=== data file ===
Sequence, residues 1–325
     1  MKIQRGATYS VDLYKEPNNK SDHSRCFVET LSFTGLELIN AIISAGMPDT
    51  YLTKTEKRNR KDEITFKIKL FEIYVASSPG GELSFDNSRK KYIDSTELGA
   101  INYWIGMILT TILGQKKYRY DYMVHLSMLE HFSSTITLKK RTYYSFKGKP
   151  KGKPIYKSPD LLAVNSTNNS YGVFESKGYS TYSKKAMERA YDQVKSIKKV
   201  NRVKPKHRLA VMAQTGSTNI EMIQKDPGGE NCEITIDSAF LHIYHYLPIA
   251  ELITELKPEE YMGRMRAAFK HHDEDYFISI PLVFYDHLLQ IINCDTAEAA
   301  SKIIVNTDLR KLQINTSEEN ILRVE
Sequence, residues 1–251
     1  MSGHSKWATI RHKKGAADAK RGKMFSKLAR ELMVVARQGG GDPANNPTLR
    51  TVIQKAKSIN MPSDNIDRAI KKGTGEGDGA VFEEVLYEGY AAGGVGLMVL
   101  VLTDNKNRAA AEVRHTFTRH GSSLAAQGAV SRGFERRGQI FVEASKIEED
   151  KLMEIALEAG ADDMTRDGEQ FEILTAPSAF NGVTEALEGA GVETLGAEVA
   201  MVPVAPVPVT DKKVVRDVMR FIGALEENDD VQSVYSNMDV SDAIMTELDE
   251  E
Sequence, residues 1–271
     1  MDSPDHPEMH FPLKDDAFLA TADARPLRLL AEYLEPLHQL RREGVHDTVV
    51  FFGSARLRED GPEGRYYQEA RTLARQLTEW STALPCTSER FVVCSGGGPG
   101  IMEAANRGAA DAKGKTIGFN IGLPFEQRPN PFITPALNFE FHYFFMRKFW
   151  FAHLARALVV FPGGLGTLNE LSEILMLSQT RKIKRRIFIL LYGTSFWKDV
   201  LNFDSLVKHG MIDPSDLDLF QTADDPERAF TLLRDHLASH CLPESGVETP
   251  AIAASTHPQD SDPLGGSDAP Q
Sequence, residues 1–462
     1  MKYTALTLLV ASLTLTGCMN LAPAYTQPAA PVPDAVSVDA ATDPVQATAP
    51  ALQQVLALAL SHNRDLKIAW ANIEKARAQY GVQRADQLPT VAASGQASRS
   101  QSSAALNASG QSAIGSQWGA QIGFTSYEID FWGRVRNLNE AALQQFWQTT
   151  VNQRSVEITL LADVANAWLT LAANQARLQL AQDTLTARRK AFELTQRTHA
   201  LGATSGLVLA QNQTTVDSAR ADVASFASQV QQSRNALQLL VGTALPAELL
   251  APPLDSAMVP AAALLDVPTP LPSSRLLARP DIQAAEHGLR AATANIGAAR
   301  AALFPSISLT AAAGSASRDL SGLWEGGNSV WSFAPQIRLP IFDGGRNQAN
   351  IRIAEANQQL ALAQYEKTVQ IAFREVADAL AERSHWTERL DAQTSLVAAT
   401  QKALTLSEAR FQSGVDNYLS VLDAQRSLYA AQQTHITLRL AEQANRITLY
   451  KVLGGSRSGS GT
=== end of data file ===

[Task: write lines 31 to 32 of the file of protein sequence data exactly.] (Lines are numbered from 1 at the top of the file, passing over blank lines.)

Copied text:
   351  IRIAEANQQL ALAQYEKTVQ IAFREVADAL AERSHWTERL DAQTSLVAAT
   401  QKALTLSEAR FQSGVDNYLS VLDAQRSLYA AQQTHITLRL AEQANRITLY